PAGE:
An account of my troubled relationship with online sales
Look, it’s not completely unnatural….it’s a perfectly normal human tendency to have an increased heartbeat, dilated pupils, and drool dripping down the side of your mouth when you see a banner proclaiming those magical and damning words “ 70 frigging percent off”. What’s not to like? Why, you just have to do the math to understand. With a 70% discount, I can actually buy not just one useless product, but three!!! I can buy bags (at 60% off) which will be used only to store other bags; I can buy orange shorts (at 53% off) and find out while cleaning my wardrobe that I had already bought the exact same thing last month; I can buy shoes for 200 bucks and find that they feel like wearing paper bags around your feet, and I can buy pretty dresses which will be some 10 sizes too small and will later have to be dumped on an unassuming younger cousin.
I admit that it’s a slightly futile exercise, to put it mildly. But there’s a lot of sound economic theory that goes behind it. The whole exercise of shopping in sales finds its basis in the theory of optimization of costs, in economics of scale, in buffering yourself against market fluctuations and numerous other things. But like all economics, this too is deceptive. Because on an online site, it doesn’t matter whether you need the product or whether you like it. What matters is what they tell you. What the ad plastered across your computer screen tells you. Because like H.G. Wells said, “Advertising is legalized lying”. So it’s not my fault that I blew up half my allowance on a dozen products that I don’t use. They led me to it. They did, I tell you.
It’s not like I make rash decisions while shopping. Being a pro at online sales requires some serious considerations to be made. Is an offer of buy 2 get 1 free better than an offer of 70% off? Do I need the red top or the light red one? Should I buy the leggings in this sale or the next one? Because there’s always another sale. And there’s always another site. And there’s always another style. And there’s always another offer. Which do you choose? Aaaghhh. Decisions, decisions.
In reply to the admonishing looks that my friends give me when I go off on one of my shopping sprees, I have just one thing to say to them – I can look right back at you with cheetah-printed cat-eye sunglasses (36% off), sit down on my amazing multipurpose foldable chair, cross one gladiator-ed foot over the other, and point a deaf, bejeweled ear towards you…that is, if I ever happen to take any of these things out of the colossal storage box that I bought at 40% off. See, that’s how thoughtful the curators of these online shopping sites are; they know the utility, or lack thereof, of each of the products, and so they accompany them with other products which NEED to be bought in order to make the first one useful. So once you make the mistake of buying that oh-so-gorgeous white dress, you just NEED to buy the oh-so-gorgeous burgundy heels to go with it because all of the heels that you already own will simply refuse to match the dress. That’s another thing with online shopping. Each new product begets another in this Sisyphean odyssey. Everything else that you already own is from another universe, a universe of real stores with real salesmen to tell you what you really need, and a real mom behind your back to tell you what you really don’t. But the online world is different. A sinister pit luring you into the inescapable clutches of a sale, with the words “BOGO, clearance, end of season, spring sale, summer sale, winter sale, monsoon sale, autumn sale” wrapped around you with the tenacity of tentacles. And India doesn’t even have a season called autumn for that matter, at least not according to what our geography teachers taught us. But it doesn’t matter that we don’t have an autumn, we still have a sale for it. It doesn’t matter that I don’t have money; I have a debit card. And a laptop. And with these two diabolical twins together, there’s nothing stopping me from shopping all the way to bankruptcy.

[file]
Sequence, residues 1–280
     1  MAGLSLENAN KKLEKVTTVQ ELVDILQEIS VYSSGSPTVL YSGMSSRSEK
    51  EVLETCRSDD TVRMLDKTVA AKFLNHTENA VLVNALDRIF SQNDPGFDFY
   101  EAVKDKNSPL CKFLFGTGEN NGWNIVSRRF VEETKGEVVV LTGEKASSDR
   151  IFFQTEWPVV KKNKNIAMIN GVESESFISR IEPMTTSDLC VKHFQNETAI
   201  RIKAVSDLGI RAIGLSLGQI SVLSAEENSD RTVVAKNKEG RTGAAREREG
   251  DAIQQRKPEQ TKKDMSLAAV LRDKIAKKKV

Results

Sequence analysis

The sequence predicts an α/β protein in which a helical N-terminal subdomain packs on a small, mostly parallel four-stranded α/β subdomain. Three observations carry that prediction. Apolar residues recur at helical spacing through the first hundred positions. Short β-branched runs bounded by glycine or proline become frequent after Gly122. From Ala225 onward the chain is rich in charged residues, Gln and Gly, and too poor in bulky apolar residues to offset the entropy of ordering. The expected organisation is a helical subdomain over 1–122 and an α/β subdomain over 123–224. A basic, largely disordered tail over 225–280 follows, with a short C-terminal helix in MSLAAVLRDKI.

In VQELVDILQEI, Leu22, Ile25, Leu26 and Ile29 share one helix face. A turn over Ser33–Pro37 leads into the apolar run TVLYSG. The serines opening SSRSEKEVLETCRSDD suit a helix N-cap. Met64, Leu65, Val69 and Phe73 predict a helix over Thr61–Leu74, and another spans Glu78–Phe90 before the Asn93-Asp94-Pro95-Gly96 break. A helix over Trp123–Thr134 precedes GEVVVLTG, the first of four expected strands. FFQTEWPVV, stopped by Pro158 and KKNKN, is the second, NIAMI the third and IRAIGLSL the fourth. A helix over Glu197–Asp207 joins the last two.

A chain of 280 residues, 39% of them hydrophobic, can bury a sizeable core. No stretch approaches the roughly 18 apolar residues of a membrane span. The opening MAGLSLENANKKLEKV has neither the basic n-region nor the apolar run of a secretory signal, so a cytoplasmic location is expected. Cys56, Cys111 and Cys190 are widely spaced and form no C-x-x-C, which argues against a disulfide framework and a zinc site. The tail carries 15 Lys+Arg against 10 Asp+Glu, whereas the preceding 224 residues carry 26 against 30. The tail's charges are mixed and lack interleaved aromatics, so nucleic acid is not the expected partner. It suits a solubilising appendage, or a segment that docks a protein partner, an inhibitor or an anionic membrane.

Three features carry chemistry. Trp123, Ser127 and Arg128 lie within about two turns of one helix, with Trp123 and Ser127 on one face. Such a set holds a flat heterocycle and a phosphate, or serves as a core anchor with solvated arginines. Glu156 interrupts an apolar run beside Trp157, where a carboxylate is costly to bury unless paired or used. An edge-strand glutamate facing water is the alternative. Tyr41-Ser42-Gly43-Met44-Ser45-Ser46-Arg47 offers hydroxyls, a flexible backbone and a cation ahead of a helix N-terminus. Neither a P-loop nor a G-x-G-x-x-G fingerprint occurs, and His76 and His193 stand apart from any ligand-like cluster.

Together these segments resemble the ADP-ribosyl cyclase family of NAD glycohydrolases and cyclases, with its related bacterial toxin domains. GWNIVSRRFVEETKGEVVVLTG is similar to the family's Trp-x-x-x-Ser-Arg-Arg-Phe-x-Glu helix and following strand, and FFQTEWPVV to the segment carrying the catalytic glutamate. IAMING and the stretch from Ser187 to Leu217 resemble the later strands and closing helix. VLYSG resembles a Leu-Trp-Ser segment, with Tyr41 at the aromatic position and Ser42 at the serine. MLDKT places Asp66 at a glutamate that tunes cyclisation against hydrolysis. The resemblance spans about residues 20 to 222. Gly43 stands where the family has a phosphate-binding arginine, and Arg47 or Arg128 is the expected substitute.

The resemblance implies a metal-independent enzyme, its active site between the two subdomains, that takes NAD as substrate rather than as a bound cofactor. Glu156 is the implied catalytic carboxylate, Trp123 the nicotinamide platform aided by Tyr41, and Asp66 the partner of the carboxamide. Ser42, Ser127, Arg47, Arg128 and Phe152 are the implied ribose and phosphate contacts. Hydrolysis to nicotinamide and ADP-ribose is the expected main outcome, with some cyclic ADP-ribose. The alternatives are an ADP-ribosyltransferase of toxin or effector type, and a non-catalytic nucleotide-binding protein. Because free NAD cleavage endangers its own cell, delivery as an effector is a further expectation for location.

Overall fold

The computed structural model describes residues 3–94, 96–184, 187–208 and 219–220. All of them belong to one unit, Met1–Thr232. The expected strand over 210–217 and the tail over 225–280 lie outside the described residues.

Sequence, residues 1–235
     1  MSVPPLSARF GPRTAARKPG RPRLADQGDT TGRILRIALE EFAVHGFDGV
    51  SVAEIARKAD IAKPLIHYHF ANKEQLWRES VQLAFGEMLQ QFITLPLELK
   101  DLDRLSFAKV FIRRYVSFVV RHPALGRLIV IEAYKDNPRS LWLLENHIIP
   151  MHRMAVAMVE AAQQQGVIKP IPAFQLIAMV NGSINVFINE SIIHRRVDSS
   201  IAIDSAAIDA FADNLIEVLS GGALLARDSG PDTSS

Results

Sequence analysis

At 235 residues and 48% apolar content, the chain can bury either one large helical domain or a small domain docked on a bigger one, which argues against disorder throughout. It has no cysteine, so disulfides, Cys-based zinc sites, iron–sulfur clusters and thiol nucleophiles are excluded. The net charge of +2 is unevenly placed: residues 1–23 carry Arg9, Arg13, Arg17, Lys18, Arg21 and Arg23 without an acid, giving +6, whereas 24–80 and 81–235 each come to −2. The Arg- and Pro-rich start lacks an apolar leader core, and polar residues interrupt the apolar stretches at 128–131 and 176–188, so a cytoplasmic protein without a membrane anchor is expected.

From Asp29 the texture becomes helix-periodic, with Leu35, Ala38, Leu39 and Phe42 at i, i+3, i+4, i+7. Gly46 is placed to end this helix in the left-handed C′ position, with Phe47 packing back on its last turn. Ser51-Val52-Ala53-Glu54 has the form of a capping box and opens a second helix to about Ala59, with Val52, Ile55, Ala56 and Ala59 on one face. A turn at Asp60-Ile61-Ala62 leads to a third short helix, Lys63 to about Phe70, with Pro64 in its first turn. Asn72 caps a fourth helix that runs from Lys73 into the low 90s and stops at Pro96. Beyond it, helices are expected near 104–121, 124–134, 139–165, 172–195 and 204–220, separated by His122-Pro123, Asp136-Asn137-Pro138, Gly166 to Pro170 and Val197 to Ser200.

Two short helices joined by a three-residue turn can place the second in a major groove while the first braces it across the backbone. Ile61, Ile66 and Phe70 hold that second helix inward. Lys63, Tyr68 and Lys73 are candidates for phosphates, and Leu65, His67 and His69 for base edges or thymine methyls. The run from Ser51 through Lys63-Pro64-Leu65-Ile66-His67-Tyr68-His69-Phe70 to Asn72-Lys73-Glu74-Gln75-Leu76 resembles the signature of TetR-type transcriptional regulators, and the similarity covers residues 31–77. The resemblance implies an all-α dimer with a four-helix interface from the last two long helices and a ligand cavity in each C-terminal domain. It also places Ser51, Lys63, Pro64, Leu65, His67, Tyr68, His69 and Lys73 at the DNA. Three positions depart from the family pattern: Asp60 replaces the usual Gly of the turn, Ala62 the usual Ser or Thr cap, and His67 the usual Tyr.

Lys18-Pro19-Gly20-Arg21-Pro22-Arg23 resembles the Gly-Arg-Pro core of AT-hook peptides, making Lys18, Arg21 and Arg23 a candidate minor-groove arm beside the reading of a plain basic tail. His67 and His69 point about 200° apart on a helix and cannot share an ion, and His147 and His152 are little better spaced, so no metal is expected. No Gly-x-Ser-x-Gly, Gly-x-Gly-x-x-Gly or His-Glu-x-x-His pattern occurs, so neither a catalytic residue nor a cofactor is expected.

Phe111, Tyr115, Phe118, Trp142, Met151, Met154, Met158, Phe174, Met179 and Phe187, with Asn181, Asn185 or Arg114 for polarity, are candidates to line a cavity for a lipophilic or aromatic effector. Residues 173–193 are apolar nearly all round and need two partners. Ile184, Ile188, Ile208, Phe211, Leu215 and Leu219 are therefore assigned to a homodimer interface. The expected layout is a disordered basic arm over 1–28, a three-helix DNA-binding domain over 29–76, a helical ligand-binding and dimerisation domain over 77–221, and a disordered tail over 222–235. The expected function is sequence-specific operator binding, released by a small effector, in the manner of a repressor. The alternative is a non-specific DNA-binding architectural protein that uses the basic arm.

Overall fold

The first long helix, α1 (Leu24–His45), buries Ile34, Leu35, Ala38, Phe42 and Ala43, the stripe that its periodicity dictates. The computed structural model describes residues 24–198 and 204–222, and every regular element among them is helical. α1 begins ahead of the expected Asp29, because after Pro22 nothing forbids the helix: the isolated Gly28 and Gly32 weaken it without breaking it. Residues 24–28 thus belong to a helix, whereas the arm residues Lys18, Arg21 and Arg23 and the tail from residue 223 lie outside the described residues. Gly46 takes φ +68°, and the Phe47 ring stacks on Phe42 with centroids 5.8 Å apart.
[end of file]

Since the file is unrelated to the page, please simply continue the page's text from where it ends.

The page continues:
– Jasmine Kaur